Evaluation of alternative approaches for landscape-scale biomass estimation in a mixed-species northern forest
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Forest Ecology and Management. 409: 552-563.
There is growing interest in estimating and mapping biomass and carbon content of forests across large landscapes. LiDAR-based inventory methods are increasingly common and have been successfully implemented in multiple forest types. Asner et al. (2011) developed a simple universal forest carbon estimation method for tropical forests that reduces the amount of required field measurements. We tested this approach, along with standard regression and Random Forest modeling techniques, in a northern hardwood-dominated watershed in the White Mountains of New Hampshire. Additional objectives included assessing the effects of different inventory plot designs and GPS accuracy. The universal model performed poorly in this forested landscape due to the lack of a clear relationship between canopy height and stand basal area. Simple regression modeling also produced poor model fits; the Random Forest models produced somewhat better biomass predictions than either the universal or regression models, and had low predictive power as measured by R2 but root mean squared errors were comparable to those from other studies in complex forests. Effects of positional accuracy from survey vs. resource grade GPS units were slight, as were the effects of varying plot designs, although errors generally increased when larger basal area factors were used.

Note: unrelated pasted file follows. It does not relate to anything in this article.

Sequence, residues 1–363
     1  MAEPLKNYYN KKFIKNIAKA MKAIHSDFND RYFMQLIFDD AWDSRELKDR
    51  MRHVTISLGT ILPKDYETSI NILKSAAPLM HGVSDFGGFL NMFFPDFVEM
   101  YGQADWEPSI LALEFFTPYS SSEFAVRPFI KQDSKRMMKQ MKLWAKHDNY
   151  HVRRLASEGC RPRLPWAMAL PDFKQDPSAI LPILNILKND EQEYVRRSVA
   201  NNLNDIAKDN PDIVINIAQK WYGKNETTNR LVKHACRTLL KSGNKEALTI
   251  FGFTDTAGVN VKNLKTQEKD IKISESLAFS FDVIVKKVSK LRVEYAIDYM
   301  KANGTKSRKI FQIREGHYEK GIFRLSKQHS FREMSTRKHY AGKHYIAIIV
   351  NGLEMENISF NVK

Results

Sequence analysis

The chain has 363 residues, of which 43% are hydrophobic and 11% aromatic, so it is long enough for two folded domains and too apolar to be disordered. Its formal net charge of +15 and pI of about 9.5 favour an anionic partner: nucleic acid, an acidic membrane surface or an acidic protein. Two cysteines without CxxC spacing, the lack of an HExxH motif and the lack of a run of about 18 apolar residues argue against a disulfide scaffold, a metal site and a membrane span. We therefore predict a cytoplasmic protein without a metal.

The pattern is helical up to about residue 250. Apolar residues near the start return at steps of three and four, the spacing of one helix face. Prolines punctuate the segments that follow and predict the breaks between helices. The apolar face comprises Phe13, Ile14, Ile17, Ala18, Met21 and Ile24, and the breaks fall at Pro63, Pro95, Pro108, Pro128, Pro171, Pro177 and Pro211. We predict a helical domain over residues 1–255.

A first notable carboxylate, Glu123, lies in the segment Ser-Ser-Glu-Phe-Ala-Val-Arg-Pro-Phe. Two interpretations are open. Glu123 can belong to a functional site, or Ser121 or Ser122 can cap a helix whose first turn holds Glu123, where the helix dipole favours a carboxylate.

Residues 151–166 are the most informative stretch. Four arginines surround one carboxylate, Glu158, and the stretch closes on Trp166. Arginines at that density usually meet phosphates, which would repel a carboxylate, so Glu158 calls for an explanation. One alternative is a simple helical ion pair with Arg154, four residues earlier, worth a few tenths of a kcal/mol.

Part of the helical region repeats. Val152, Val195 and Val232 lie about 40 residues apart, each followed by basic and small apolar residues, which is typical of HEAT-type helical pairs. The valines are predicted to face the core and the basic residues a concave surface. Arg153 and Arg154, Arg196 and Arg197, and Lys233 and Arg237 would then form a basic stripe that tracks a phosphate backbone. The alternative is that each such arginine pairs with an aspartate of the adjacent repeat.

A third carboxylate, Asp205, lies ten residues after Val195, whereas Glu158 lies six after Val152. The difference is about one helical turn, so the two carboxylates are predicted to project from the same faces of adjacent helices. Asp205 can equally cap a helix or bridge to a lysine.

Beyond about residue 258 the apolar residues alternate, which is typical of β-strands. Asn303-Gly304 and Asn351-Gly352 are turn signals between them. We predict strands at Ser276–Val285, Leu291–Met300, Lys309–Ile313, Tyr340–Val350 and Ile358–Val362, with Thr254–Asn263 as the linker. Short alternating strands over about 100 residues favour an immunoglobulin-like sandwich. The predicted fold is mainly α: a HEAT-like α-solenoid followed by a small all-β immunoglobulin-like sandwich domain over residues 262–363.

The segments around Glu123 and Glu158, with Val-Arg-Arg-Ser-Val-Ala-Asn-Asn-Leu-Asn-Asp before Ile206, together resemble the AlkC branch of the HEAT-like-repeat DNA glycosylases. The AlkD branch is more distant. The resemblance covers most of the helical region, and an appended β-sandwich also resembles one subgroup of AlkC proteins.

Hoover, Coeli M.; Ducey, Mark J.; Colter, R. Andy; Yamasaki, Mariko. 2018. Evaluation of alternative approaches for landscape-scale biomass estimation in a mixed-species northern forest. Forest Ecology and Management. 409: 552-563. https://doi.org/10.1016/j.foreco.2017.11.040.